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4 Days Ago   #1
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Thoughts on my library and workflow directory structure?

As part of my recent move to Linux, I'm now working with different tools for my photography.

I'll start by mentioning that I have a variety of cameras. Where available, I shoot RAW. For Pentax, I use DNG format, but I have other cameras that only produce their native manufacturer RAW format (e.g. ARW for Sony). Then, I have a couple of older cameras that output TIFF, and others that only produce JPEG.

Darktable reads numerous RAW formats, but the one it's almost-guaranteed to read is DNG, so for RAW developing, my preference is to use DNG files - either straight from the camera, or converted from the native format using either digiKam or, when necessary, Adobe DNG Converter (which I'm running under WINE).

My workflow is as follows:
  • Import, rename, tag, cull and manage photos with digiKam 5.x
  • Where required, convert to DNG with either digiKam or Adobe DNG Converter
  • Develop images with Darktable 2.4.3, exporting to TIFF
  • Edit developed TIFFs (or original TIFFs & JPEGs) with GIMP 2.8.x, saving sessions as .XCF
  • Export full- and re-sized JPEGs for screen and print use with GIMP

As part of the move, I'm taking the opportunity to completely re-design my file-naming conventions and directory structure for my future work to support this (and, hopefully, any future tool migration - however unlikely), and I'd appreciate your thoughts on what I've come up with - whether you think it's over- or under-engineered, what I might be missing, ways to streamline etc.

Here's my proposed directory structure:


Firstly, albums will be organised into year directories (2016, 2017, 2018... etc.). Beneath this will be an album for each day, named "yyyy-mm-dd" as a minimum, but when possible, with a suffix relating to the event (e.g. "2018-06-05 Durham Cathedral". Within each dated album, the following structure will be used:




The purpose of the directories is as follows:
  • 1_Development - contains DNG, TIFF or JPEG originals for development in Darktable (so sidecar files would reside here too) or possibly in GIMP (JPEG and TIFF)
  • 2_Developed_Exports - fully developed images, exported from Darktable as TIFF
  • 3_Editor_Files - when files from 2_DevelopedExports are edited in GIMP (or other), the XCF or equivalent files containing the layers and edits are stored here
  • 4_Edited_Exports - final edits from GIMP, exported as TIFF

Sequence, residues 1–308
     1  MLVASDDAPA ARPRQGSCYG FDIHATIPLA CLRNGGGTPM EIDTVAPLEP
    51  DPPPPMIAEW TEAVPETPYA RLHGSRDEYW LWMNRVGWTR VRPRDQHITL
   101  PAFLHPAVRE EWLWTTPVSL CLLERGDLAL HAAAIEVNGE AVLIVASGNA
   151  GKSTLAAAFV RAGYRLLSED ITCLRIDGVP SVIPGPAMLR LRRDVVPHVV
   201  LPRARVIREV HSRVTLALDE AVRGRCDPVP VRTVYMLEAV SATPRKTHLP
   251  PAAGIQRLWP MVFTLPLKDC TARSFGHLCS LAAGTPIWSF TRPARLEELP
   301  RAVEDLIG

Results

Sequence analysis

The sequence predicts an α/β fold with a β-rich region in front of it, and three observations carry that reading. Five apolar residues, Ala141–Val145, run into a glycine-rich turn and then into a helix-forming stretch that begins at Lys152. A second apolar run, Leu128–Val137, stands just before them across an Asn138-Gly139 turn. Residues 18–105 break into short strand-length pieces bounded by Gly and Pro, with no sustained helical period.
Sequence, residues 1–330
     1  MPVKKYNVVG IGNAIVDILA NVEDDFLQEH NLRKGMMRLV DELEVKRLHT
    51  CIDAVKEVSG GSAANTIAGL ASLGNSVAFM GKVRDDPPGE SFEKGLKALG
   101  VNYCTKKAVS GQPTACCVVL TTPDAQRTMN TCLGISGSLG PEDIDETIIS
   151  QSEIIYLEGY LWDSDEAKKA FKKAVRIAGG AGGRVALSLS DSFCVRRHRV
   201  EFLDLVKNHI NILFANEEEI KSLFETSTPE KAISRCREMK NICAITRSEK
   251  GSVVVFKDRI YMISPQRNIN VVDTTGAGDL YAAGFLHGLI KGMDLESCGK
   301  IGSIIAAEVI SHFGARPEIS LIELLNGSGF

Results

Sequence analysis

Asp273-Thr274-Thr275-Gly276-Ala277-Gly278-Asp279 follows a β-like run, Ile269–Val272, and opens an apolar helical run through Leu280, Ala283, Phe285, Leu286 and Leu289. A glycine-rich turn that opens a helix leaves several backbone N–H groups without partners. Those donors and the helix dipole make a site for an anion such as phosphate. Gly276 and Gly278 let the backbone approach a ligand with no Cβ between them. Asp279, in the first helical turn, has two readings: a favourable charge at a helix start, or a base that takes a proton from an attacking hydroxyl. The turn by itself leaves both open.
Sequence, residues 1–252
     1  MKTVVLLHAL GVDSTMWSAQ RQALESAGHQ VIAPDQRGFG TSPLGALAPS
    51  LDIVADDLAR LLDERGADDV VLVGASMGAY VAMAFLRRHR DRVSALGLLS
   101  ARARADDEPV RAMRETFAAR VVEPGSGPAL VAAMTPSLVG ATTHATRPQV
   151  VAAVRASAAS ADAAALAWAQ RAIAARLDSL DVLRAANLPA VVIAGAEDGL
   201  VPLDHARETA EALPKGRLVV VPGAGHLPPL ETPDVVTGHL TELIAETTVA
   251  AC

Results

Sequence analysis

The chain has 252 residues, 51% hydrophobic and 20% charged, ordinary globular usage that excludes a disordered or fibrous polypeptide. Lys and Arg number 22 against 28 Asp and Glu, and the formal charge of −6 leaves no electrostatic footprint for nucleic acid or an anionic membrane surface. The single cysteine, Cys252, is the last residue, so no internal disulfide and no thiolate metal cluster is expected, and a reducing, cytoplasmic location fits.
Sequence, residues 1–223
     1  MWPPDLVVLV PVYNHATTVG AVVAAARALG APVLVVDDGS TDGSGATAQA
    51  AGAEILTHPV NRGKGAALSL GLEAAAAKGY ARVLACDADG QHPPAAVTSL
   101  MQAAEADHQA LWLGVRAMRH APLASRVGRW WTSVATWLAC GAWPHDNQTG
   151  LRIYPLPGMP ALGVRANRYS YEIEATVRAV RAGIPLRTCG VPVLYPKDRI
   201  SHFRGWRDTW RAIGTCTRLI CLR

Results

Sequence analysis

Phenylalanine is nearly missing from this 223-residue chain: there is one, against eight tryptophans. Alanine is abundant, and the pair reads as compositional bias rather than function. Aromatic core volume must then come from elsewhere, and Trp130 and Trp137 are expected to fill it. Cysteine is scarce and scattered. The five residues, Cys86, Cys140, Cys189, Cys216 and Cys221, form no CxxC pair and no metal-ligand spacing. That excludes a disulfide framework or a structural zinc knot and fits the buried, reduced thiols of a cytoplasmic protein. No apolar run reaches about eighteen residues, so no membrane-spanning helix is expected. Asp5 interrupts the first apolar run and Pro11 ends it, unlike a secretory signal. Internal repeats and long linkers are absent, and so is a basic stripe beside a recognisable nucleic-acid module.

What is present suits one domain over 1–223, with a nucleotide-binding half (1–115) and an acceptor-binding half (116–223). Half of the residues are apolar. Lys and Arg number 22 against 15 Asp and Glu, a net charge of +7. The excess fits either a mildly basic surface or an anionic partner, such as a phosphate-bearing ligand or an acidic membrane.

• 5_Outputs_Full_Size - full size output files from GIMP (or, potentially, direct from Darktable if no edits were needed), ready for printing or display - typically in JPEG but possibly in other formats too
  • 6_Outputs_Resized - resized output files, mostly for web use or sharing with family / friends
  • 7_Native_RAW_non_DNG - for my cameras that only produce manufacturer's native RAW, those files are stored here (converted-to-DNG files are stored in "1_Development")
  • 8_Camera_Imports - this is where I will import files to from camera or card; it's a staging area, from which I'll convert to DNG and move files to either "1_Development" or "7_Native_RAW_non_DNG" as required. When I've completed my conversions and file moves, this directory should be empty

I'm still thinking about my file-naming conventions, but this is what I have so far:
  • Files will be imported into "8_Camera_Import", renamed in the format "yyyymmdd_hhmmss.ext"
  • Developed exports will be named as "yyyymmdd_hhmmss_D.ext" ("_D" to signify they are from the Development stage)
  • XCF files created from JPEG or TIFF originals will have the original name ("yyyymmdd_hhmmss") while those created from developed DNG will retain the "yyyymmdd_hhmmss_D" naming
  • Edited exports will be named "yyyymmdd_hhmmss_E.TIF" ("_E" for edited)
  • Full-sized outputs will be named "yyyymmdd_hhmmss_O_FS.xxx" (where "O" is for output and "xxx" is the required format, usually "JPG")
  • Resized outputs will be named "yyyymmdd_hhmmss_O_[width]x[height]_[intent]" (where "width" and "height" are the pixel dimensions, and "intent" is "screen" or "print", but optionally blank for general use)

So... what do you good folks think? Am I missing anything? Have I gone too far? The intent here is to have original files, converted files, edits and exports properly organised and named so that I can find and identify them easily.

Any input - advice, feedback, critique - would be much appreciated!


Last edited by BigMackCam; 4 Days Ago at 04:08 PM.
4 Days Ago - 1 Like   #2
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Hi BigMack, I read most of your post, no so much the file naming details and how you would organise the files but I get the general meaning.<br />
<br />
I photograph for fun so my workflow is likely different from that of a pro.<br />